I've done a mobile app studio, going a little further than the usual and now I am developing since a few years a complete web-based IDE.
First things first : I saw on stackoverflow a question what's the best IDE for Linux ? My favorite answer : 'Linux is an IDE'! This sounds a little funky at the first sight but it pretty much answers the question what needs to be done for having an IDE: re-build the basics of an OS and connect as much possible to the content : tool-chains, external services...
Now assuming, you don't want to re-invent the wheel and implement all the low-level parts like a compiler or auto-completion on you own, I will write down what I encountered in building an IDE on other open-source modules, libs, frameworks, name it! (In case yes, read this : http://www.ibm.com/developerworks/opensource/tutorials/os-ecl-commplgin1/index.html, you can't have a better overview as far I figured out).
The ingredients of an IDE
- Editors per file extension or data model
- view/window manager, just like in a real OS
- Tool-chains, triggered through events such as the file content changed, etc...
- Extensibility points (or hooks) in UX and low-level code such as enumerating files for the file manager
- The data/file manager or browser. This one must be good as possible, also removing the difference between a local file or a certain VCS source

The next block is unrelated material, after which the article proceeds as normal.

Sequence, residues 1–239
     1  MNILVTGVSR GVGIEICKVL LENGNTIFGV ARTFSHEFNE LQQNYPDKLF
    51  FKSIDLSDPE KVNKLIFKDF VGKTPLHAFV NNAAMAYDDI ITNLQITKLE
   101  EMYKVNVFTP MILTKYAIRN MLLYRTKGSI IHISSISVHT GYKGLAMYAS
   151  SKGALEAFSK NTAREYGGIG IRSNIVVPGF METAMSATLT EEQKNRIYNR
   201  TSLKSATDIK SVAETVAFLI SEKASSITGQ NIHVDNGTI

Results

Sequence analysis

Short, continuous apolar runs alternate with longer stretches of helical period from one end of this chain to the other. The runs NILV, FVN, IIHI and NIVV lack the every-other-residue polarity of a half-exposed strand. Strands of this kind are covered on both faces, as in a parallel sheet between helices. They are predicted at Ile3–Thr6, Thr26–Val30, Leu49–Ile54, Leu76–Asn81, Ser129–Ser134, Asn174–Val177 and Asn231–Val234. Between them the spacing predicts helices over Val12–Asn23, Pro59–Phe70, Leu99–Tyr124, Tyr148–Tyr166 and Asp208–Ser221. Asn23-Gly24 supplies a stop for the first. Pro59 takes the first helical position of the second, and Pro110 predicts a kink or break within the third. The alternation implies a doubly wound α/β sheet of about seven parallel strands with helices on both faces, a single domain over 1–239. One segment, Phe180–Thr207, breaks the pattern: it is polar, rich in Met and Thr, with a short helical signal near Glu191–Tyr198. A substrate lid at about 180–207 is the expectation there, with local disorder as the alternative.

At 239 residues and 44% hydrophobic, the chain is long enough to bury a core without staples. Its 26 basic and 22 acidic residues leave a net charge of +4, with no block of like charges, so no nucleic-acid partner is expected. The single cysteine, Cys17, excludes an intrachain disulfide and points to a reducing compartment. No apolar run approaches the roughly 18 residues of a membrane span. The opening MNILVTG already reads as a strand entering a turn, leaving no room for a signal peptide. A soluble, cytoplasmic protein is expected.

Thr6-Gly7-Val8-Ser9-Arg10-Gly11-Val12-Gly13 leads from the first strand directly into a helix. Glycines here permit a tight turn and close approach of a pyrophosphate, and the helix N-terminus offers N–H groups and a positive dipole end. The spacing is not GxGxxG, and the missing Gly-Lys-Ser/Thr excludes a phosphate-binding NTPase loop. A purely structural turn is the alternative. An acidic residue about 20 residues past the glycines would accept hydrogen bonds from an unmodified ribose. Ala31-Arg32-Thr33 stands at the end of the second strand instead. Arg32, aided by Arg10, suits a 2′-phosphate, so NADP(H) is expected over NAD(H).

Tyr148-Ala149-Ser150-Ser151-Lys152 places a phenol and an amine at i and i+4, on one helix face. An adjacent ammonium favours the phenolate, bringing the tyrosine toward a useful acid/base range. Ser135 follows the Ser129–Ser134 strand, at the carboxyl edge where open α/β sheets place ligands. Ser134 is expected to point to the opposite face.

- Resource management system (assets, plugins). Must be good, enabling resources per run-time configuration & extra pre & post filters. Also group your resources per scope : system, user and app. Each scope should be linked to ACL group so that you can protect and deploy components to users.
- In case you want to monetize, you need a strong ACL system for all components involved, as optional layer
- A smart help system, showing tool-tips but also possible values for user inputs
- My own additions: hot-reloading for code which updates the running application in the simulator. Then, in-line extensibility : track all sources and resources of your IDE components and allow direct editing right at the spot.
- Optional : Introduce a sort of 'virtual programming language'. Something you can export to other programming languages or databases. Because ideally you provide a visual scripting interface in order to let people react to certain IDE events. Think of a e-mail rule editor or similar. This enables users to run unit-tests or build-chains without messing too long with heavy config files.
- Optional : support open-source, ie: provide interfaces to import and sandbox packages such as NodeJs or composer. Users will love that, promised.
The IDE's foundation
- should be small, portable and independent as possible! For instance, perma-link generators, or history within the file-manager are done as plugins
- all core functionality should expose them self through events, hooks. There a few hundred events just for the file-manager : onContextMenuOpen, onMainMenuOpen,onBeginCopy,...
- should be scalable, for instance : don't use singletons. You must be able to run the same IDE within another or the same IDE.
I could go on and on, but that's pretty much all to start with doing actually an IDE.